In Vonnegut’s Cat’s Cradle, there is one scene that I found a bit puzzling.
At the store by the cemetery where Frank and Emily Hoenikker are buried, Jonah’s taxi driver becomes obsessed with a stone angel.
The store owner, Marvin Breed, explains that it isn’t for sale, and relates the story of why it is still in the store:
“It was never paid for. The way the story goes: this German
immigrant was on his way West with his wife, and she died of
smallpox here in Ilium. So he ordered this angel to be put up over
her, and he showed my great-grandfather he had the cash to pay for
it. But then he was robbed. Somebody took practically every cent
he had. All he had left in this world was some land he’d bought in
Indiana, land he’d never seen. So he moved on–said he’d be back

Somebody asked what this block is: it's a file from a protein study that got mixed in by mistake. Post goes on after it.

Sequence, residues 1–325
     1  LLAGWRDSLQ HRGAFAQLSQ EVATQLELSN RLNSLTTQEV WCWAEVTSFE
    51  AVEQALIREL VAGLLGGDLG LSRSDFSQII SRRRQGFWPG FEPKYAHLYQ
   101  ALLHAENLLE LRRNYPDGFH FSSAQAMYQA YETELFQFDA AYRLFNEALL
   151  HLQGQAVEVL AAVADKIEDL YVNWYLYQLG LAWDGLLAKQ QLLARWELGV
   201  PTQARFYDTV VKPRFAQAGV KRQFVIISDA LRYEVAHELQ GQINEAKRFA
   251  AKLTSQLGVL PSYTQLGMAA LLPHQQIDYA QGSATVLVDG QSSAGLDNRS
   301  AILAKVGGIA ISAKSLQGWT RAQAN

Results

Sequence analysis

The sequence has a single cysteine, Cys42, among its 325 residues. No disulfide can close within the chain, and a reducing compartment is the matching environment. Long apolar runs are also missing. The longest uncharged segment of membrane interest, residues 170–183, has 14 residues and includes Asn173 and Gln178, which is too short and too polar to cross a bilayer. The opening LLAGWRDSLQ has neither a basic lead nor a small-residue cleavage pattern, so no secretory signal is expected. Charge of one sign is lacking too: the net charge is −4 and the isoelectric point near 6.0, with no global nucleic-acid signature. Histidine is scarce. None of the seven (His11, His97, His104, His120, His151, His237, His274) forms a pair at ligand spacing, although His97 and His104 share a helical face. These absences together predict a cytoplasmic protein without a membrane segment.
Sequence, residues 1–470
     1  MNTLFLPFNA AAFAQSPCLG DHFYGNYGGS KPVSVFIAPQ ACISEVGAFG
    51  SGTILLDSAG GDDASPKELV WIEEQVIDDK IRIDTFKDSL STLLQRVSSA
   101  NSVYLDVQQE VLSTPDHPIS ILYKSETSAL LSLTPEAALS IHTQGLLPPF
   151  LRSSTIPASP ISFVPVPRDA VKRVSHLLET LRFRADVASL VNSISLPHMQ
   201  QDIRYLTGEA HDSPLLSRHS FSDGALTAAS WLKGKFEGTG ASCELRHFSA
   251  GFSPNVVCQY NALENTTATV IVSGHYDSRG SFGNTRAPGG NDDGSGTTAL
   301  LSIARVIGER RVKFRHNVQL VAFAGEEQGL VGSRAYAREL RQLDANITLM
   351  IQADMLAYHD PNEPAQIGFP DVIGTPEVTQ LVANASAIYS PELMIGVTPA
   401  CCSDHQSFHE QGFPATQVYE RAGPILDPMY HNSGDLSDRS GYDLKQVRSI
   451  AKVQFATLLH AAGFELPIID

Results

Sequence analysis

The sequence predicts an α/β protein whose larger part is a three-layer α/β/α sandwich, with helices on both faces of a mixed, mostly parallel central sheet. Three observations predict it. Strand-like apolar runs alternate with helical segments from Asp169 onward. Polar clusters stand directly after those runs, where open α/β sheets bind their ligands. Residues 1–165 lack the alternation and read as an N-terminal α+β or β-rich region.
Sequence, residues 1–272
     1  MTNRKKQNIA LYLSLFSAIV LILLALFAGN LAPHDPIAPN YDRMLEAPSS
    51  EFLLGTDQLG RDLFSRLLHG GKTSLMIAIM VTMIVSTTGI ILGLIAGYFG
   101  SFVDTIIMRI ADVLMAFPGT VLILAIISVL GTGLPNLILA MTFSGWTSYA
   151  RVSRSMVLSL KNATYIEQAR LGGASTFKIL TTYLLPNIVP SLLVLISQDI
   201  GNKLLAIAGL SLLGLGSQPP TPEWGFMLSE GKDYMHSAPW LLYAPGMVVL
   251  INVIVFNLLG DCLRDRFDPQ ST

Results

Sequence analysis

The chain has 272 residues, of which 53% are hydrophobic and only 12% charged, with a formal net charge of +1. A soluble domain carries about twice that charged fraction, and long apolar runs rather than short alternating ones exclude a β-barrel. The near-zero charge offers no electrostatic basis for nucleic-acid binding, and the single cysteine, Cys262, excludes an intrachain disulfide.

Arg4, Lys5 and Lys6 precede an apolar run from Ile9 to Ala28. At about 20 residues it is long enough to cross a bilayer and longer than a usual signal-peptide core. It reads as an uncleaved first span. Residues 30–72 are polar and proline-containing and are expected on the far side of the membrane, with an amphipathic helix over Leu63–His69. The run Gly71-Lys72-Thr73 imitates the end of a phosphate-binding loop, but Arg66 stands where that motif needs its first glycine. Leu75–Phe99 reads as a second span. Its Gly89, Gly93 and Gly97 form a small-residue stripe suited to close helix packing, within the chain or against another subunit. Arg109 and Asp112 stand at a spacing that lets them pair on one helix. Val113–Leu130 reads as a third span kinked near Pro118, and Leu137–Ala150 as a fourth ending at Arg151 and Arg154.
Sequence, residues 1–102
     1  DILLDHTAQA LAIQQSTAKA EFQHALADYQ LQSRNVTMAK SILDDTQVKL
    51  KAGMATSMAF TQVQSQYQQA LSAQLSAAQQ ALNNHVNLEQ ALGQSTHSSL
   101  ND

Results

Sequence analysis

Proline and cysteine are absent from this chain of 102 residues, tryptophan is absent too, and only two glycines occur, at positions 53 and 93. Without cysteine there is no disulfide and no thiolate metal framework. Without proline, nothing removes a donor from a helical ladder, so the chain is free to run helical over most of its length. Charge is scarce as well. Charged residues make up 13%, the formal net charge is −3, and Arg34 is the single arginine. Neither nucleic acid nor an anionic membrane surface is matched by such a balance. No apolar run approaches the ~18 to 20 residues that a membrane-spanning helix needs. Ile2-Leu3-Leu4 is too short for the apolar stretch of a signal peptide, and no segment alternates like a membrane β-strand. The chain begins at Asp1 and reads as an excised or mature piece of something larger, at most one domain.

later to pay for the angel.”
“But he never came back?” I asked.
“Nope.” Marvin Breed nudged some of the boughs aside with his
toe so that we could see the raised letters on the pedestal. There
was a last name written there. “There’s a screwy name for you,” he
said. “If that immigrant had any descendants, I expect they
Americanized the name. They’re probably Jones or Black or Thompson
“There you’re wrong,” I murmured.
The room seemed to tip, and its walls and ceiling and floor
were transformed momentarily into the mouths of many tunnels–
tunnels leading in all directions through time. I had a Bokononist
vision of the unity in every second of all time and all wandering
mankind, all wandering womankind, all wandering children.
“There you’re wrong,” I said, when the vision was gone.
“You know some people by that name?”
The name was my last name, too.
Clearly this is a strange and powerful moment for the narrator. Yet I don’t recall it being mentioned again, except perhaps in passing.
What is the significance of this? More importantly, what is the name on the angel (I don’t believe the narrator ever gives his last name)? Does Vonnegut ever explain this?